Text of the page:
As you take steps to start your home-based venture, it doesn’t take long to discover that starting a business requires learning an entire new language and set of abbreviated terms, such as SWOT (a planning method outlining strengths, weaknesses, opportunities, and threats) and LLC (limited liability company). It can be overwhelming to decipher new concepts, but in most cases home business terms aren’t that complicated. Below are a few terms you should become familiar with as you launch your home business.
Business Structure: The legal configuration of your business. Most home business owners choose either a “sole proprietorship” or “limited liability company” (LLC), both of which allow for single person ownership. A sole proprietorship structures the business so that it and the owner are viewed as a single entity. It’s popular because it doesn’t require any special paperwork or additional expenses. However, because the owner and business are one entity, personal assets, such as your house, can be at risk if you are sued or go into debt. An LLC is a type of corporation that is its own entity, thereby protecting the owner’s personal assets. It requires paperwork and a filing fee to create.
Doing Business As: In some localities, “doing business as” may be called “assumed name” or “fictitious name statement,” all of which refer to the business owner’s requirement to file a notice with the local clerk’s office if the business’ name is different from the owner’s name.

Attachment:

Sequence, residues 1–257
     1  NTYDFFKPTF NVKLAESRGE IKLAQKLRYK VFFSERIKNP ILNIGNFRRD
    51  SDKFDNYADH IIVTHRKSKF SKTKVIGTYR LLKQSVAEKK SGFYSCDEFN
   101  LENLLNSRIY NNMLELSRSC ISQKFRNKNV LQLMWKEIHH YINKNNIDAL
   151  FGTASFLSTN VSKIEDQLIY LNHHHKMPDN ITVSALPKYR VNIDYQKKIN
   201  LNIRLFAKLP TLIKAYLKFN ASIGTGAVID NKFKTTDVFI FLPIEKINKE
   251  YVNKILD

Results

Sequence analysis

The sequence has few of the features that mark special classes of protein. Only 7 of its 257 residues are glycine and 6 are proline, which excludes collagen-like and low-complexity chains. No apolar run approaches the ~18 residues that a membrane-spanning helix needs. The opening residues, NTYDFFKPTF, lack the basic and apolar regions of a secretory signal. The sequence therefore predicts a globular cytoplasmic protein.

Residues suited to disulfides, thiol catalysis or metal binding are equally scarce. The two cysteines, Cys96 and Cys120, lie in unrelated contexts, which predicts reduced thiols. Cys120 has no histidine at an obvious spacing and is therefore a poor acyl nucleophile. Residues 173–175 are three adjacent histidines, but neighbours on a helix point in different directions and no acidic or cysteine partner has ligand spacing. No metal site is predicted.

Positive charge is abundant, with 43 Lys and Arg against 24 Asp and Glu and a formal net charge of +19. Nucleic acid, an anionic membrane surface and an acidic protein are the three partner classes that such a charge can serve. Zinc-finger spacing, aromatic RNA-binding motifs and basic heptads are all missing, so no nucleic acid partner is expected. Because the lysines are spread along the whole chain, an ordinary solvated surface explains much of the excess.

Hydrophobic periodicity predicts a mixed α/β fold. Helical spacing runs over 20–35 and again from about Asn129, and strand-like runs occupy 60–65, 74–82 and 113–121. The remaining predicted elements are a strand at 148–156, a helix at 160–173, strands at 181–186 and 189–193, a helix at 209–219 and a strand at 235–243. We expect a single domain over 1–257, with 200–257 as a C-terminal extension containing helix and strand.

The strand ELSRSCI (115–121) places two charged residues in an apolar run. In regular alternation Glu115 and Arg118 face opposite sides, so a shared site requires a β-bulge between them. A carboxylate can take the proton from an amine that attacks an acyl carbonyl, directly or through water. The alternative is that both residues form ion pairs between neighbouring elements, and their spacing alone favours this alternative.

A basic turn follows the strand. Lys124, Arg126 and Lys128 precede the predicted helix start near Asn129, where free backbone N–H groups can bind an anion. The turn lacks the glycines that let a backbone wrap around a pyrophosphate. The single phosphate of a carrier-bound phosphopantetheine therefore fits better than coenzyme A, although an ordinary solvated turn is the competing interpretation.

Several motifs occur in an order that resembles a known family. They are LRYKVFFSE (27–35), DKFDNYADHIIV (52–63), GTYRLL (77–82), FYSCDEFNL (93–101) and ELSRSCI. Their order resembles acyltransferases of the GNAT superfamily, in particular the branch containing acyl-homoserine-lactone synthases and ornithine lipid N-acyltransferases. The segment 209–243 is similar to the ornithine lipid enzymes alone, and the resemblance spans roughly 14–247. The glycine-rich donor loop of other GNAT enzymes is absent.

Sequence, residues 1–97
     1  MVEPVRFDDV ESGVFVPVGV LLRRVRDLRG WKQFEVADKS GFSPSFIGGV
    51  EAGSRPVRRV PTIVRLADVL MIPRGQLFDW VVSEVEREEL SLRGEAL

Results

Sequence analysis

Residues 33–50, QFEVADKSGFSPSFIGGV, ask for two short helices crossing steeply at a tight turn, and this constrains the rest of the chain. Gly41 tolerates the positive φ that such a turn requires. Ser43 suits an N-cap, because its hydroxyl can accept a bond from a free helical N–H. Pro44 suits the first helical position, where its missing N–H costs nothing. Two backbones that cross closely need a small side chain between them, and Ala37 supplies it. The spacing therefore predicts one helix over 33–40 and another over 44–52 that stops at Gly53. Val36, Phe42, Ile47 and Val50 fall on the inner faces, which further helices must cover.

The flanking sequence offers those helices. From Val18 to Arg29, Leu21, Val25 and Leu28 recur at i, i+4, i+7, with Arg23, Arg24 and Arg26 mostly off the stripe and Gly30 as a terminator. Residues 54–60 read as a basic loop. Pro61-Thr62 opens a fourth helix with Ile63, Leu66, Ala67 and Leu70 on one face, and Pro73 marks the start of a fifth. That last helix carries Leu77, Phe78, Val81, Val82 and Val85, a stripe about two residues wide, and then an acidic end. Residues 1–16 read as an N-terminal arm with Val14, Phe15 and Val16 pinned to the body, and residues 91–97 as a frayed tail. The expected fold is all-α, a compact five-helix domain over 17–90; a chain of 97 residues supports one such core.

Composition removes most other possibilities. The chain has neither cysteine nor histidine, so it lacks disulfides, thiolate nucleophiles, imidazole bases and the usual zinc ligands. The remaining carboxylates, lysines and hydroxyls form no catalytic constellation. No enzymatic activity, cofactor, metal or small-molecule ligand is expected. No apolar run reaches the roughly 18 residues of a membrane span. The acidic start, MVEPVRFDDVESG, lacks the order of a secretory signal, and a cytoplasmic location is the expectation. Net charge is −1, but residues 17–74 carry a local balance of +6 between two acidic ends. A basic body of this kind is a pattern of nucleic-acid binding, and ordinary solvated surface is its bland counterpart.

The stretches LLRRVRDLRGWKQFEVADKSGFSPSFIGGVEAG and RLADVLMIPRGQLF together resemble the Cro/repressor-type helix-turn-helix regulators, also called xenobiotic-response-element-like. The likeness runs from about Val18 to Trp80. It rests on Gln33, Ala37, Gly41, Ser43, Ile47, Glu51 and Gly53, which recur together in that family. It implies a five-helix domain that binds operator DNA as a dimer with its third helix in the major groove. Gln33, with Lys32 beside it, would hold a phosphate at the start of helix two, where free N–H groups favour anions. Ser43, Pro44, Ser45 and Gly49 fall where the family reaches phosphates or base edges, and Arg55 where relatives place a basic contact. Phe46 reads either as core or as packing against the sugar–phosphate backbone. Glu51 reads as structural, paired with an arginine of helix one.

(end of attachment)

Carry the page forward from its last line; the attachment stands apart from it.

Intellectual Property: Anything you create you own as a form of intellectual property that you can protect from use by other people or businesses. Written items, such as books, are protected through copyright. If you develop a tagline or logo, you can protect it through a registered trademark. Patents protect a new or unique process or machine that you invent.
Accounts Payable: Money you owe to others for materials or services you’ve received.
Accounts Receivable: Money owed to you for materials or services you’ve given.
Balance Sheet: A financial statement listing the business’ assets and liabilities.
Profit and Loss Statement: A summary of the business’ income, expenses and loss during a specified time, usually quarterly or yearly.
Brand: While brand may be viewed as a logo or mark that represents your business, when used in the concept of branding, it represents the promise your business makes to consumers. Disneyland brands itself as “The Happiest Place on Earth,” but it’s only successful in that brand if consumers experience Disneyland as being a happy place.
Niche: In marketing, a niche is a narrowly defined topic or target market (see target market below). For example, "weight loss" is a general topic, whereas "weight loss for teenage boys" is a niche.
SWOT: The section of your business plan that outlines your strengths, weaknesses, opportunities and threats. It offers a good overview of what you do well and not so well, as well as opportunities to increase business and obstacles to success.
Target Market: The demographics and characteristics of the people most likely to buy your product or service. For example, WAHM's target market is moms who want to work from home. Moms aren’t the only group of people who want to work at home, but WAHM focuses on moms and delivers information and resources with moms in mind.